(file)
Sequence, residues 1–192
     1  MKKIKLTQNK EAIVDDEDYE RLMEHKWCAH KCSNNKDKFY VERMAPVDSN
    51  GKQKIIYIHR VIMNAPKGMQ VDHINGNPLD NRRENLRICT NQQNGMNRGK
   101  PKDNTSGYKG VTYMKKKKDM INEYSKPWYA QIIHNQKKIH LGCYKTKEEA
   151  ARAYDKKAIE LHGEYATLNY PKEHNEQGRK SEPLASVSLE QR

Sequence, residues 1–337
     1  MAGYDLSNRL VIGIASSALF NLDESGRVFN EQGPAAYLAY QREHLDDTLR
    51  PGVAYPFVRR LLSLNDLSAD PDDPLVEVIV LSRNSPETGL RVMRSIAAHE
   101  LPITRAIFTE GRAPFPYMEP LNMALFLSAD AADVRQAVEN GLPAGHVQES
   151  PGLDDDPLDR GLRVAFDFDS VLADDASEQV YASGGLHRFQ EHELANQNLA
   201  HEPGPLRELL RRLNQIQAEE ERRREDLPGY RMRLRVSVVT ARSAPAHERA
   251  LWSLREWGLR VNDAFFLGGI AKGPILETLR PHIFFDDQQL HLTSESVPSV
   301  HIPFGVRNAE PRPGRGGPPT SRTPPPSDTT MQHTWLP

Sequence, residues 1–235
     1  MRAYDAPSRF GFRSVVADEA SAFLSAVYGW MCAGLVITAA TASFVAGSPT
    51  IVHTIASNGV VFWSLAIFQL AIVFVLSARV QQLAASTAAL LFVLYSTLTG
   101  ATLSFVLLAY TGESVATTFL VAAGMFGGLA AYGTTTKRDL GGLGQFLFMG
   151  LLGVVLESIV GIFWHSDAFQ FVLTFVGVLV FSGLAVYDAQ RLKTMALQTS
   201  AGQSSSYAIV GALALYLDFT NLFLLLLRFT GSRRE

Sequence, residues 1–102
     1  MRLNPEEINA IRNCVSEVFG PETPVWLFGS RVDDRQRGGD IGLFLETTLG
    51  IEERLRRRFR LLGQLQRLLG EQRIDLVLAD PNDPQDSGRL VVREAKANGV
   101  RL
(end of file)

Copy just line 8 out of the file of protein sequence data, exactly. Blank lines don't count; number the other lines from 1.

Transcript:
    51  PGVAYPFVRR LLSLNDLSAD PDDPLVEVIV LSRNSPETGL RVMRSIAAHE